The Law of Internet Intermediaries: Meet the New Boss, Same as the Old Boss

I have a short essay, Middlemen, up at the Florida Law Review Forum. It’s a response to Jacqui Lipton‘s thought-provoking article, Law of the Intermediated Information Exchange¬†(bonus: first page is at 1337!). And, it has a footnote about turtles. Here’s the introduction: Meet the new boss, same as the old boss. The Internet was supposed [...]

Gene Patents, Oil-Eating Bacteria, and the Common Law

The Supreme Court issued its decision in Association for Molecular Pathology v. Myriad Genetics today. A unanimous Court (with a short, quirky concurrence from Justice Scalia) held that the patent claims directed to isolated, purified DNA sequences did not recite patentable subject matter under 35 U.S.C. 101; by contrast, those directed to complementary DNA (DNA [...]

Cyberwar and Cyberespionage

My paper “Ghost in the Network” is available from SSRN. It’s forthcoming in the University of Pennsylvania Law Review. I’m appending the abstract and (weirdly, but I hope it will become apparent why) the conclusion below. Comments welcomed. Abstract Cyberattacks are inevitable and widespread. Existing scholarship on cyberespionage and cyberwar is undermined by its futile [...]

Protecting Hackers from Lawyers

Oliver Day and I presented the idea behind our article The Hacker’s Aegis (now available from Emory Law Journal – the cite, for law nerds, is 60 Emory L.J. 1051 (2011)) at the Berkman Center for Internet & Society at Harvard Law School yesterday. The Webcast of the talk should be available soon. We had [...]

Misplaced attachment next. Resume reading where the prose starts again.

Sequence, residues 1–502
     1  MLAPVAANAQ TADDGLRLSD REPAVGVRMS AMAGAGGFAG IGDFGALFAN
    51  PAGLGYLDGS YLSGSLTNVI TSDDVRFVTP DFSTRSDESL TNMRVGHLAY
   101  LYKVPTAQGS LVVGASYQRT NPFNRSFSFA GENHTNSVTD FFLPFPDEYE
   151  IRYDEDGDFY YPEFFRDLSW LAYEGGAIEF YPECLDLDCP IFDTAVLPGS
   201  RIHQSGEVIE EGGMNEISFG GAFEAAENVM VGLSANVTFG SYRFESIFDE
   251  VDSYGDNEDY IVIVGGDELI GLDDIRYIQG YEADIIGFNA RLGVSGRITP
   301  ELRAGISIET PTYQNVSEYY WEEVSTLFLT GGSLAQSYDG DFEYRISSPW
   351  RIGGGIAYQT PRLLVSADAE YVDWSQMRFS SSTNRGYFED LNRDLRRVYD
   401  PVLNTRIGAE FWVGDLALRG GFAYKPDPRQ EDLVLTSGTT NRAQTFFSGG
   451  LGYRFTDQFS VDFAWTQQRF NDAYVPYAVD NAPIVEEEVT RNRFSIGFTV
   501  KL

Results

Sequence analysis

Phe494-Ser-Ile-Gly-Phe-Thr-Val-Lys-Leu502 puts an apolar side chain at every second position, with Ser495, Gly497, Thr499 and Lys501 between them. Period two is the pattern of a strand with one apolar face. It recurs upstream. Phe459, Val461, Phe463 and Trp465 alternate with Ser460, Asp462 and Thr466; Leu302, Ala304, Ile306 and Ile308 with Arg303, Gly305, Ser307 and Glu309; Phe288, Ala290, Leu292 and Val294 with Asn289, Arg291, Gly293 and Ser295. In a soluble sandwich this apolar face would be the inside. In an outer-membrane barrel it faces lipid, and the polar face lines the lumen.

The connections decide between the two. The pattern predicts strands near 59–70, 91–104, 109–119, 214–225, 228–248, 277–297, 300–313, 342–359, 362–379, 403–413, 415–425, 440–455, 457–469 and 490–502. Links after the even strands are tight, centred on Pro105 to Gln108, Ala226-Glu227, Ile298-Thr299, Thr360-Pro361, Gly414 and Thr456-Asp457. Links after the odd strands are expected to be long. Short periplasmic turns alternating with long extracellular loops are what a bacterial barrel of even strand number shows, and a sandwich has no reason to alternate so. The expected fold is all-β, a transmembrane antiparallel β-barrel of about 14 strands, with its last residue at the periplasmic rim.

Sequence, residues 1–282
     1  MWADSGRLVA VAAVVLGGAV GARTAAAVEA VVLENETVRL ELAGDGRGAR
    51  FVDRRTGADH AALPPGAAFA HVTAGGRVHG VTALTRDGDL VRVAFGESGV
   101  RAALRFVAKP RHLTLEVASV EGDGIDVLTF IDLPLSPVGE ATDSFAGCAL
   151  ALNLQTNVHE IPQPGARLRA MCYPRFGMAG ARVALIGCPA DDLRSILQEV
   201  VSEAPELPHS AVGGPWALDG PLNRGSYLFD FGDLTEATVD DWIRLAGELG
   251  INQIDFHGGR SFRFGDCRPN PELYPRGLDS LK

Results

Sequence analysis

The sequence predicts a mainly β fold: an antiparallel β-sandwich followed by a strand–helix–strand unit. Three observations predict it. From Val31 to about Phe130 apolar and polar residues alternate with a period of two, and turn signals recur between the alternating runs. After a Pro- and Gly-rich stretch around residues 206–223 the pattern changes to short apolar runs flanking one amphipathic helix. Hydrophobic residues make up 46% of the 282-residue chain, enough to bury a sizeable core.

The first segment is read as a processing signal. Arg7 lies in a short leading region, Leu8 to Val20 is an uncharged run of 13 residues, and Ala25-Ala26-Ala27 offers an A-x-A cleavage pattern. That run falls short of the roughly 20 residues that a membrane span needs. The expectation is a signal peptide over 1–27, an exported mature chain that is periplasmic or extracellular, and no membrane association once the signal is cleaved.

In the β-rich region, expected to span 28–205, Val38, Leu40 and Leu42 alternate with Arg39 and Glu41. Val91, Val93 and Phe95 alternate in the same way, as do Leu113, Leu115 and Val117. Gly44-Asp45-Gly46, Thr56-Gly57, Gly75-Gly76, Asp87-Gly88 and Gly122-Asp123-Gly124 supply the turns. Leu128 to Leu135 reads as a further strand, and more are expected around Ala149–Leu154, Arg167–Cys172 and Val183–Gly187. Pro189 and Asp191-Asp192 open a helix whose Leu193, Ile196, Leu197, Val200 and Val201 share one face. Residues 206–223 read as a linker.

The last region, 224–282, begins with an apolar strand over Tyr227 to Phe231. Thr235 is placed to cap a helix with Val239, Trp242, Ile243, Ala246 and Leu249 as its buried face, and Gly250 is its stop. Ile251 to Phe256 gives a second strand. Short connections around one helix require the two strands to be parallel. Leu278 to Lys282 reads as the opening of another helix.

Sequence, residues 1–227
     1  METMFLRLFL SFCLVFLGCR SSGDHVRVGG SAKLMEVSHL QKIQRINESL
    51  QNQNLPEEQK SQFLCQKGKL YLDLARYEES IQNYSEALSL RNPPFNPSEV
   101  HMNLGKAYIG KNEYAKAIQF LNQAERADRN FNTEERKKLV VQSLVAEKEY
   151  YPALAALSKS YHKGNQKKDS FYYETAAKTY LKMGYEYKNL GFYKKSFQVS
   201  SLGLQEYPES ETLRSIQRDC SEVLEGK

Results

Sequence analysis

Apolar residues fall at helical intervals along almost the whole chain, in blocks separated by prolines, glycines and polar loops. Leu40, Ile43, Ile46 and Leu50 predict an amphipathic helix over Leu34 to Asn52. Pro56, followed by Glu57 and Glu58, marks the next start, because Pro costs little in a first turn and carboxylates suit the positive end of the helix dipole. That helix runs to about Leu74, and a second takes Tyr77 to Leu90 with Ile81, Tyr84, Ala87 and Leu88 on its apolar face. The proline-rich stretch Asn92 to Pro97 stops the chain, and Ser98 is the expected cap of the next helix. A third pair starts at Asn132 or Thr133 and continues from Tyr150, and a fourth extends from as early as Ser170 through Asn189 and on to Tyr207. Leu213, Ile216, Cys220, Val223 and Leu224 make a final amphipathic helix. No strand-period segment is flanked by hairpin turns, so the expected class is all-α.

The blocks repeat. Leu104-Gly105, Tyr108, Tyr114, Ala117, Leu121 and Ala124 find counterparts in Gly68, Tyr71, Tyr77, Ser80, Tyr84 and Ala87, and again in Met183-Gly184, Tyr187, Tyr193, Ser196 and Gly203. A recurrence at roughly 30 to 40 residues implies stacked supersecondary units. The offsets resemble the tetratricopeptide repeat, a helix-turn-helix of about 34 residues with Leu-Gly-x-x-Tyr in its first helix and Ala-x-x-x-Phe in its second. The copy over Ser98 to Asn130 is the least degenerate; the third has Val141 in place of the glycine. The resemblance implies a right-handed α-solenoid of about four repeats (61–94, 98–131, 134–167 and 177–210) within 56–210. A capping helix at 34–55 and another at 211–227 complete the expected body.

Protecting Hackers From Lawyers

Oliver Day and I are giving a talk at the Berkman Center for Internet & Society at Harvard Law School (our former home) on our proposed shield law to protect software security research. (The longer version is in our Emory Law Journal article.) The talk is on Tuesday, July 19, at 12:30PM, and it’ll be [...]

Cybersecurity Theory and Myths

David Opderbeck put together a terrific cybersecurity conference at Seton Hall today. I was on a panel discussing cybersecurity policy and legal theory. The audience was primarily law enforcement and practicing attorneys, so I asked, “What are you doing here?” In good academic fashion, I proceeded to (try to) answer my own question – why [...]

Malware, MacOS, and Mayhem

It’s Alliteration Monday here at Info/Law! Ars Technica has a great write-up on the Mac Defender malware that’s been infecting hipsters‘ MacBooks left and right. Apple started by ignoring the problem, and has subsequently woken up and started to use features such as File Quarantine to deal with it. Belated, but laudable. I have three [...]

Google Music, and the Cost of Holdouts

Google is set to debut its cloud-based music service, called (creatively) Google Music. This isn’t revolutionary after Amazon launched its service. What makes it fun for IP nerds like me is that Google initially tried to strike licensing deals with the major music labels, but when they failed, they altered their service (to avoid the [...]

Cybersecurity’s Conundrum

I’ve uploaded my new paper on cybersecurity, Conundrum, to SSRN, and welcome feedback on it. The paper is coming out in volume 96 of the Minnesota Law Review next year. The abstract is below. In addition, the paper makes a few points that are at once common sense and heretical: Experience with natural disasters and [...]

Hackers Are Your Friends

My friend and Berkman colleague Oliver Day and I have just released a new paper, The Hacker’s Aegis. It argues that intellectual property law has been hacked to block socially valuable research on software security. Moreover, we contend that software vulnerability data challenges existing assumptions, and scholarship, on how information about improvements to works protected [...]